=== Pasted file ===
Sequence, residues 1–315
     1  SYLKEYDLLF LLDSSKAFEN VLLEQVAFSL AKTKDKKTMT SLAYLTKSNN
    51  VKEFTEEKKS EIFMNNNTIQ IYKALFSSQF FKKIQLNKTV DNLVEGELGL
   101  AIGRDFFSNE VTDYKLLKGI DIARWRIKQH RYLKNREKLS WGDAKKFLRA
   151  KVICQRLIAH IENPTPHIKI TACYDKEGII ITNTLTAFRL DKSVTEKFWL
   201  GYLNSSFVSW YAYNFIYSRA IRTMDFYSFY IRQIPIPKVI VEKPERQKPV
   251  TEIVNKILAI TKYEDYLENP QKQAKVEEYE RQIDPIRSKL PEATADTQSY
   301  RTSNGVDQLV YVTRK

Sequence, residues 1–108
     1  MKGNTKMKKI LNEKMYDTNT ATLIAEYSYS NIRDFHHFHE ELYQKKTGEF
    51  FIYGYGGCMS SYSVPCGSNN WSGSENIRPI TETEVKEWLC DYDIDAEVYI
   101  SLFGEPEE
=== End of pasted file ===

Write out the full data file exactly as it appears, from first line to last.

Sequence, residues 1–315
     1  SYLKEYDLLF LLDSSKAFEN VLLEQVAFSL AKTKDKKTMT SLAYLTKSNN
    51  VKEFTEEKKS EIFMNNNTIQ IYKALFSSQF FKKIQLNKTV DNLVEGELGL
   101  AIGRDFFSNE VTDYKLLKGI DIARWRIKQH RYLKNREKLS WGDAKKFLRA
   151  KVICQRLIAH IENPTPHIKI TACYDKEGII ITNTLTAFRL DKSVTEKFWL
   201  GYLNSSFVSW YAYNFIYSRA IRTMDFYSFY IRQIPIPKVI VEKPERQKPV
   251  TEIVNKILAI TKYEDYLENP QKQAKVEEYE RQIDPIRSKL PEATADTQSY
   301  RTSNGVDQLV YVTRK

Sequence, residues 1–108
     1  MKGNTKMKKI LNEKMYDTNT ATLIAEYSYS NIRDFHHFHE ELYQKKTGEF
    51  FIYGYGGCMS SYSVPCGSNN WSGSENIRPI TETEVKEWLC DYDIDAEVYI
   101  SLFGEPEE